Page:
The Problem of Evil (Part 2)
In the first entry, I mentioned that speaking of just one Problem of Evil (PE) is problematic and should be avoided. A second problem with speaking of only one PE stems from the fact that evil poses us difficulty in a number of ways. There is the evidential problem of evil, the logical problem, and the pastoral problem. In fact, each of these aspects of the problem can further be distinguished and sub-divided in to smaller “problems.” However, this plurality of forms to the particular objection to theistic belief shouldn’t overwhelm us. Rather than providing an insurmountable obstacle for faith, dissecting the problem into many forms aids handling each form with meticulous attention.
For the sake of categorization, I will divide the various ways in which the pie can be cut down to a mere two: the theoretical problem (which consists of the evidential and logical problems of evil), and the practical problem of evil (which consists of the pastoral problem). The chief purpose of this essay is apologetic in nature and hence will not substantially address the practical dilemma of personal suffering.
Alvin Plantinga, in his book God, Freedom, and Evil, has helpfully made the distinction between theodicy and defense. The objective of a theodicy is to provide an explanation and rational for why an omniscient and omnipotent God has allowed evil into His good creation. By way of contrast, a defense is more modest in its goals. The objective of a theistic defense to the problem of evil, hereafter PE, is simply to demonstrate that the presence of evil does not rule out the existence of God.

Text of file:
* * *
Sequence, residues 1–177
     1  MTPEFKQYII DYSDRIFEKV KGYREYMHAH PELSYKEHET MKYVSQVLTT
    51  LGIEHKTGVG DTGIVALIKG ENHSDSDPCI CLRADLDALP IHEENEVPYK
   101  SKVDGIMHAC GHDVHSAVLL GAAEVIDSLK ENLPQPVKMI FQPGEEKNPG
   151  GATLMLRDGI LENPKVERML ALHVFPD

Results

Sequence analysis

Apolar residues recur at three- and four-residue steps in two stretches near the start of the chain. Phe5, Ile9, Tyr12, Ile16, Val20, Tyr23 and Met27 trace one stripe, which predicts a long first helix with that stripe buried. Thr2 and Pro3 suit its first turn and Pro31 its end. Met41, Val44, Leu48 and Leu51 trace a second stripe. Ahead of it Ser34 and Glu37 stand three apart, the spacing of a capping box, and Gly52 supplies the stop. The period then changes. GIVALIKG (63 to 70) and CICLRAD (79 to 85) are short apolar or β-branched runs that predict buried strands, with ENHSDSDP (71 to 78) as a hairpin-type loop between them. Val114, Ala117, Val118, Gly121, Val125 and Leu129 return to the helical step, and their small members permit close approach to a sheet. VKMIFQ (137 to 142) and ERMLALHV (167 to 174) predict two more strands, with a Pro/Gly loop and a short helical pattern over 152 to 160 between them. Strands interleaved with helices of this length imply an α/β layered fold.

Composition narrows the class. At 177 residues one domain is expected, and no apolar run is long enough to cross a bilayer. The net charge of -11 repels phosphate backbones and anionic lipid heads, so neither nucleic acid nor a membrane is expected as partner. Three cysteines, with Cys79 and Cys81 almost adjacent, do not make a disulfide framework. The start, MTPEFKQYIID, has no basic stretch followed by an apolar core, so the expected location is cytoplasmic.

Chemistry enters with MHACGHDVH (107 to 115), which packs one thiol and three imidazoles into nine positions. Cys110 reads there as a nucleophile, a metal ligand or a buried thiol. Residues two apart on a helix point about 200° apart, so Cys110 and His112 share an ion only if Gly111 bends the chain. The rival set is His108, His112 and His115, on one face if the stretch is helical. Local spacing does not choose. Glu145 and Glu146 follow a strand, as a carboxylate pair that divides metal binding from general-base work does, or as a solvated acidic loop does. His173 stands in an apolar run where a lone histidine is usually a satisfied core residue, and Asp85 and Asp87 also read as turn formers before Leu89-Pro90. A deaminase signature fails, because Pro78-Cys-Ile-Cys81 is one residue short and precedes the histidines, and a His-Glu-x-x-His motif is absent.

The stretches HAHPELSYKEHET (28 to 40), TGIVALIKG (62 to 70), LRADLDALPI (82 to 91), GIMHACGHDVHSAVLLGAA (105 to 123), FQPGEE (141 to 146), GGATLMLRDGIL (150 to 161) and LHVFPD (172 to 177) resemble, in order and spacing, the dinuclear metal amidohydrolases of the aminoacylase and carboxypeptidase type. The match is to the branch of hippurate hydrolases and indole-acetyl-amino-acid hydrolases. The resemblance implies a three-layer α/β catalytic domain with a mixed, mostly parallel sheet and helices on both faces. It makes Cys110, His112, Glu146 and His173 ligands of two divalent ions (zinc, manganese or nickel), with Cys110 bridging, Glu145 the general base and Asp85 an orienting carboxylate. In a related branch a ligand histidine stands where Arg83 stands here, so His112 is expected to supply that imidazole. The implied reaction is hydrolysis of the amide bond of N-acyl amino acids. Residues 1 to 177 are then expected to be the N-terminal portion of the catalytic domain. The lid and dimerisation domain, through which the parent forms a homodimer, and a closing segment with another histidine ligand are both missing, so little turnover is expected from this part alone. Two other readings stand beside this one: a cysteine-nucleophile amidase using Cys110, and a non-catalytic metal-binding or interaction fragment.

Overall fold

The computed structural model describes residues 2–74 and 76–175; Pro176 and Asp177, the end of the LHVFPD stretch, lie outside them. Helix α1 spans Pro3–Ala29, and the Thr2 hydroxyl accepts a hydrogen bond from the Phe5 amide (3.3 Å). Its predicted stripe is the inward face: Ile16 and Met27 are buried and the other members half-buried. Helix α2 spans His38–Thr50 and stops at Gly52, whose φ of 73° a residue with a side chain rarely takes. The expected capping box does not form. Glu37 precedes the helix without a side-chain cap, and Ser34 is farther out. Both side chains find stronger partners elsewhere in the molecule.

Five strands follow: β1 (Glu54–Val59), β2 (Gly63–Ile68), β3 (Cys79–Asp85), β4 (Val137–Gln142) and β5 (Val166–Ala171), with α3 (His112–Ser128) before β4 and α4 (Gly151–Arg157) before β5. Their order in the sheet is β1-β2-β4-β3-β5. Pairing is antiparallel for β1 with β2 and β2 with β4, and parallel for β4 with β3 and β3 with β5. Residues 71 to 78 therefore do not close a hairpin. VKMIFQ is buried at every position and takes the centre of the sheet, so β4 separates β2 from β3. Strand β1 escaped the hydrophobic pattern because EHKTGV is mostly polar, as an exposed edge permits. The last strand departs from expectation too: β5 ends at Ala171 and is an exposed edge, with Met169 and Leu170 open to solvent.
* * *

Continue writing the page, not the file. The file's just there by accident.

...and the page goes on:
As mentioned earlier, I hope to sketch out here what I believe is a faithful defense of the belief in the Christian God. Yet, this is not an easy task. Those convinced of the Bible’s truth are not (and dare I say, should not be) concerned with the defense of merely the belief in a god. Instead, the God whose existence we reject as incompatible with the presence of evil is the Trinitarian God revealed in both the Old and New Testament. Thus, we are in the precarious position of defending “whole-Bible” Christianity rather than generic theism. No response to the PE is acceptable that compromises the richness of Christianity’s doctrinal matrix.